Starch isn’t always bad: Tricolor Summer Penne Pasta Salad

March 10, 2017

Resistant Starch pasta salad by Providence Healthy Living

By Kay MacInnis, Regostered Dietitian

Here’s some cool news about the carbohydrates that we love: When they are cooked and then refrigerated, the starch that causes our concern transforms into resistant starch.

That’s a type of starch that resists digestion.

Resistant starches may help the body feel fuller and allow for a steadier rise of blood sugar. This full feeling may persuade you to take in fewer calories, so you might shed a few pounds.

Resistant starch is also a prebiotic. Some people report side effects such as gas or bloating when consuming large amounts of resistant starch, so go slow when adding these to your diet.

Here are some foods you might want to try eating cold, for the resistant starch:

  • Bananas, slightly green
  • Barley
  • Cold bean, pasta, potatoes and rice
  • Corn
  • Cornstarch
  • Legumes
  • Lentils
  • Oats, especially raw
  • Peas
  • Potato starch
  • Seeds
  • Whole grains

Tricolor Summer Penne Pasta Salad


  • 8 oz. penne pasta
  • 1 zucchini, seeded and cut into ¼-inch-thick matchsticks
  • 1 yellow squash, seeded and cut into ¼-inch matchsticks
  • 1¼ cup shredded carrots
  • 1 tbsp. olive oil
  • 4 garlic cloves, thinly sliced
  • ¼ cup grated Pecorino Romano cheese
  • Freshly cracked black pepper
  • 2 tbsp. thinly sliced fresh basil


  • Cook the pasta al dente in a pot of salted boiling water, according to package directions.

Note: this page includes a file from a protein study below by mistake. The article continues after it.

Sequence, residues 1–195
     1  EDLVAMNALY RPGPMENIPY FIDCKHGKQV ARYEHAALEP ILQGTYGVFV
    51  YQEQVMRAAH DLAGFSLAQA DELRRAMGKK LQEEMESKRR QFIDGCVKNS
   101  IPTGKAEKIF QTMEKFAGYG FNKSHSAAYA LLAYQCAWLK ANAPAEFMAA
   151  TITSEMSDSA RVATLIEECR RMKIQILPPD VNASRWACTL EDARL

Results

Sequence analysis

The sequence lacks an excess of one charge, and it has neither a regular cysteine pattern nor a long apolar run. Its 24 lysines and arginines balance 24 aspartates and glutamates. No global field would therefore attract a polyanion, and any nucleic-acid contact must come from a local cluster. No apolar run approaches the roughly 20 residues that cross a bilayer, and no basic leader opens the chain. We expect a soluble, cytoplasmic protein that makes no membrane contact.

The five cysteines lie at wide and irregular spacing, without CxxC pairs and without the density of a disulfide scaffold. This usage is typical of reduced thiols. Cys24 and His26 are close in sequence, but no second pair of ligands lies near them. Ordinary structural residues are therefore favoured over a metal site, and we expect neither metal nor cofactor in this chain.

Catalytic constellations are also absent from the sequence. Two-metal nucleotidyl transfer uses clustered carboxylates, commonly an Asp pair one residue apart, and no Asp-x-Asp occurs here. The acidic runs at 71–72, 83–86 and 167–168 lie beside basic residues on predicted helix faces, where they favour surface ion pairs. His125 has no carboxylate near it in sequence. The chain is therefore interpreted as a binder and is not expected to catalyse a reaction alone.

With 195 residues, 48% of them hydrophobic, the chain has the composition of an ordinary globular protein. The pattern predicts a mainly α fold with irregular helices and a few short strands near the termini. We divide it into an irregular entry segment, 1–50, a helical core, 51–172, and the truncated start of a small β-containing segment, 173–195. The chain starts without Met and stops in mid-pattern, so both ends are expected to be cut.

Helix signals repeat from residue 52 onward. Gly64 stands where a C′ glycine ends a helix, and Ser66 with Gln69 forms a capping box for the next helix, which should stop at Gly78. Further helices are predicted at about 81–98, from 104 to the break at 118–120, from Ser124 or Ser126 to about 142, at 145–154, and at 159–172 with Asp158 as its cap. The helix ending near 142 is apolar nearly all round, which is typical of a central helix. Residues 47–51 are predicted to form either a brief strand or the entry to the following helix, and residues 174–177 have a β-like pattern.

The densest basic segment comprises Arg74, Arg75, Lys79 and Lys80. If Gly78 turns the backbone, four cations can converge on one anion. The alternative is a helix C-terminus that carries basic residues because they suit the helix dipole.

• Add the zucchini, squash, and carrots to the water in the last 2 minutes of cooking.
  • Drain the pasta.
  • Add the oil, garlic, salt, and pepper, lightly covering the pasta.
  • Mix in the Pecorino Romano and toss everything together.
  • Top with fresh basil.
  • Refrigerate for one hour before serving.

Nutrition Information: 290 Calories, 6.5 grams fat, 6 mg. cholesterol, 50 grams carbohydrate, 13 grams protein, 266 mg. sodium.

(This recipe is from The Skinnytaste Cookbook by Gina Homolka. As always, you can experiment by adding other vegetables such as tomatoes, or if you like, some lean chicken or other protein – as seen in the photo.)


This is another in a weekly series of healthy recipes from Kay MacInnis, registered dietitian at Providence Health in Columbia, S.C.

Kay promotes health and wellness, helping cardiac and diabetes patients eat their way to healthier lives. She works in consultation with the trained chefs at Providence, combining her nutrition knowledge with their food prep know-how to create delicious, healthy dishes for patients and the public. She also conducts a number of health and wellness events for the public, including the monthly Providence Cooks! classes.

"She doesn't just give you the fish, she teaches you how to cook it."

 – a Kay MacInnis fan and Providence Cooks! regular.